Young man’s journey to become Catholic spans two continents

Among those to enter church after COVID-19 delay

By Dan Russo

Witness Editor

WATERLOO — Mahunan Gueguezo’s journey to become Catholic began in another country, spanning two continents and about 5,000 miles.

On June 27, the recent immigrant from Benin, a West African nation, received the sacraments of baptism, first Eucha­rist and confirmation at St. Edward Parish in Waterloo. He was one of about 150 catechumens and candidates in the Archdiocese of Dubuque who experienced a delay in joining the church this year due to the coronavirus pandemic, but have been welcomed in recent weeks. The excitement was still evident in his voice as Gueguezo spoke about his conversion and the Mass where he finally completed a long process.

“I never went to the Catholic Church growing up,” recalled the 27-year-old. “I like the Catholic Church because many in my family are Catholic and my wife, who is still in Africa, is Catholic.”

Mahunan Gueguezo, 27, entered the Catholic Church in Waterloo after a delay due to the pandemic.

As a child, Gueguezo was not baptized and was not a regular participant in any religion. After getting married and then immigrating to the United States in 2017, his interest in Catholicism increased. After winning a visa lottery, the young man found himself in a new country by himself pursuing his dreams. Gueguezo speaks French, his native language of Fon, and others, but was new to English. He decided that after learning English, he would join the church. He eventually entered the Rite of Christian Initiation for Adults (RCIA) at St. Edward Parish, a program that usually takes about seven to nine months.

“From what I understand, (Gueguezo) was inspired by the example of others, particularly other immigrants,” said Father Scott Bullock, pastor of St. Edward Parish.

Mahunan Gueguezo is shown receiving the sacraments of confirmation June 27 at St. Edward Parish in Waterloo. Behind him are his godparents, immigrants from the Congo in Africa who have helped support his faith.

Gueguezo studied at Hawkeye Community College and hopes to become an electrician. In recent years, he received support from his godparents, who are immigrants from the Congo that also belong to the parish, and Ellen Kuchera, RCIA coordinator for the Catholic Parishes of Waterloo.

“COVID-19 definitely threw a loop into the RCIA process as we had it planned,” reflected Kuchera. “Yet I can’t imagine a more authentic and first-hand experience of Purification and Enlightenment, a period that normally is aligned with just the season of Lent but for our candidates this year stretched far beyond Easter. This extended period of time fed a hunger and desire for the sacraments in Mahunan’s heart that was palpable.  When we were finally able to celebrate sacraments, the beautiful simplicity of the liturgy touched the hearts of all and was no less grand than the normal Easter Vigil experience.”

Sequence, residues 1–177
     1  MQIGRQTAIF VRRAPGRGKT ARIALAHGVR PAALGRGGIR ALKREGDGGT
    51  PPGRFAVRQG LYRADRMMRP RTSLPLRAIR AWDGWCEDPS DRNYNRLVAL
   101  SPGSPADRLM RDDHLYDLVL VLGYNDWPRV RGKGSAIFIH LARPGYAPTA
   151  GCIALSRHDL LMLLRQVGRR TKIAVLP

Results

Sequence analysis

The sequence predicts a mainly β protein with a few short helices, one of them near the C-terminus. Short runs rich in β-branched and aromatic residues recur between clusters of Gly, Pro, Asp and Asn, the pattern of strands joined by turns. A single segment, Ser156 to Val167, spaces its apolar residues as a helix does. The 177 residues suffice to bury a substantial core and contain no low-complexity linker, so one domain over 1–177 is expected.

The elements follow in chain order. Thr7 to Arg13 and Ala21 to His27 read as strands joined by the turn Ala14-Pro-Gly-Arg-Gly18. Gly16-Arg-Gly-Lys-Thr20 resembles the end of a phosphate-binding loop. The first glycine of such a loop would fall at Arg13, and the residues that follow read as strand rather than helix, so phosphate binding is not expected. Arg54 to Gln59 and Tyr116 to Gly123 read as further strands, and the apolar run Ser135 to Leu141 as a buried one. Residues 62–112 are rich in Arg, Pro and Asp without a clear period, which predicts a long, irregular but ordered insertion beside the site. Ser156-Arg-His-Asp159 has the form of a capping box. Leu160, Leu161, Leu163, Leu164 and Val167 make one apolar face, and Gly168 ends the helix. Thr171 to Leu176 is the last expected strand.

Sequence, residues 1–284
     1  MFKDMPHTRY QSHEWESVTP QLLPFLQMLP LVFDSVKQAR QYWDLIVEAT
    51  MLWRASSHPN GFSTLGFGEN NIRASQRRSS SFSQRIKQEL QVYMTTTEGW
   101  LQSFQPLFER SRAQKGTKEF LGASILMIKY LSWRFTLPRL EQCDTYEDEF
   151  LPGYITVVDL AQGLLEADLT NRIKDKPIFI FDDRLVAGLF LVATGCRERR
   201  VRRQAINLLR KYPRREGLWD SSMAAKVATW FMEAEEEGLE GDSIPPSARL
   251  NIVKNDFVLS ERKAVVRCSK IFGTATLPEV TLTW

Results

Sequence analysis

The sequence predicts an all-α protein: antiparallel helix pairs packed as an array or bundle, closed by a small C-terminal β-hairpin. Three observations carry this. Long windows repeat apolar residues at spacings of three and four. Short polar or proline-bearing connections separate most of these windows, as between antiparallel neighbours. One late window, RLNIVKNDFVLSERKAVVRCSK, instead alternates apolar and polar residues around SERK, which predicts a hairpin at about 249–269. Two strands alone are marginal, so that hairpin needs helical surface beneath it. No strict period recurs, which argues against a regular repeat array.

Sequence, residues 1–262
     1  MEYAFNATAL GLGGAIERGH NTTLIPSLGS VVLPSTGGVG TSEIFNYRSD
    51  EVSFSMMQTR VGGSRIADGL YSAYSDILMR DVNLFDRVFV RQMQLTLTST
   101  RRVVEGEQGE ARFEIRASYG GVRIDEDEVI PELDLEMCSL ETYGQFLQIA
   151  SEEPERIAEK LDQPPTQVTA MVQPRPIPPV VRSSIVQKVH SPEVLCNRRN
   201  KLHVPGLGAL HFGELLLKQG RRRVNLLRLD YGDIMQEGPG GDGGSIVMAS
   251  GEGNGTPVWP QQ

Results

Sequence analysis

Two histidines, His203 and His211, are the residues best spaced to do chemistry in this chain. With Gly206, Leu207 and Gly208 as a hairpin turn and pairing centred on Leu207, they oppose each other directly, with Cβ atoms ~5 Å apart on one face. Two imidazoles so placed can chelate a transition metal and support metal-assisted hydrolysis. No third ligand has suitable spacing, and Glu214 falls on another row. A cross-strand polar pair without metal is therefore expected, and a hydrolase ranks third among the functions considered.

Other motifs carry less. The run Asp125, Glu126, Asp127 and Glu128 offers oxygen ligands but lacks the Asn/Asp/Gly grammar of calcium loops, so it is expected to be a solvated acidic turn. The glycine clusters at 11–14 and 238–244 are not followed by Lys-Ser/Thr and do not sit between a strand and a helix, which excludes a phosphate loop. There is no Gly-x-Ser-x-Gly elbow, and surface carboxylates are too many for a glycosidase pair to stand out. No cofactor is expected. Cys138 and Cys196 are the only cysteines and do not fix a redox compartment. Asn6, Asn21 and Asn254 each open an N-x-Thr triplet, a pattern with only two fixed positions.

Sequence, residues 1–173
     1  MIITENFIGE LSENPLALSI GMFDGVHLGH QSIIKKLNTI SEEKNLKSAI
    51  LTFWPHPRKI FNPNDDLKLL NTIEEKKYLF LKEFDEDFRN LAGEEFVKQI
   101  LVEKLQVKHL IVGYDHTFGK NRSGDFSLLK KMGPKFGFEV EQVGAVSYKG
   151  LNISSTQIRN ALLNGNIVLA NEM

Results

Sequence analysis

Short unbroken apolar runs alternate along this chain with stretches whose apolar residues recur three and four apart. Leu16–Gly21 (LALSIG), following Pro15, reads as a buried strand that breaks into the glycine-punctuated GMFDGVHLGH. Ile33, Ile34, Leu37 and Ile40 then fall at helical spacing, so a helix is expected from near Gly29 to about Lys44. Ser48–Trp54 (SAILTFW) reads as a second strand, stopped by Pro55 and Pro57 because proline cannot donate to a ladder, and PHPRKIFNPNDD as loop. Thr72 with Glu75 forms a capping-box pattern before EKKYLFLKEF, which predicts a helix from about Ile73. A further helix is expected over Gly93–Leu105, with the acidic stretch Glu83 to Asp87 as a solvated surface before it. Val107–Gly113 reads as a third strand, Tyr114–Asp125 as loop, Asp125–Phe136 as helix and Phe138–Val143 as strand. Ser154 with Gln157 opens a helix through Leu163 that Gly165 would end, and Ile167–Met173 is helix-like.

Gueguezo entered the church at a Mass with one other catechumen, Amy Thole. The pair had to delay their sacraments when public Masses were suspended due to the pandemic. The liturgy in June was a special one, which included Gueguezo’s godparents and a small group of parishioners. There was disappointment in the delay, but in the end, God’s grace abided, according to Father Bullock.

“There was a beauty and a clarity to it,” said the priest of the liturgy.

Since Masses have resumed, St. Edward Parish has taken recommended safety precautions, such as social distancing.

“Every third pew is available for use,” said Father Bullock. “We have about 25 to 30 percent of the congregation full at this point.”

What occurred with St. Edward’s catechumens is similar to what’s happening for those entering the church around the archdiocese.

“Some parishes are bringing candidates into full communion as an entire community together at the same liturgy,” reported Father Greg Bahl, director of the office of worship for the archdiocese. “Some parishes with larger RCIA communities are bringing them in one family at a time or during livestreamed Masses.  Some just on Sundays, some spread out on weekdays.”

In normal situations, it isn’t necessary for a baptized, non-Catholic to be confirmed on the Easter Vigil, according to Bahl.

“People can become Catholic throughout the year, even in normal circumstances,” he said. “It is the non-baptized that typically follow the very ancient practice of being baptized and confirmed on the Easter Vigil.”

Gueguezo is happy he was able to join the church when and how he did. He continues to attend Mass, read Scripture and participate in parish programs to deepen his faith. Being without his family has been challenging, but he is grateful for the opportunities he has in the United States. He hopes to become a successful electrician and an American citizen in the coming years.

“I want to bring my wife and daughter here,” he said.

Cover photo: Father Scott Bullock, of St. Edward Church in Waterloo, baptizes Mahunan Gueguezo during a Mass June 27. The immigrant from Benin became interested in Catholicism in Africa and converted while in the United States. (Contributed photos)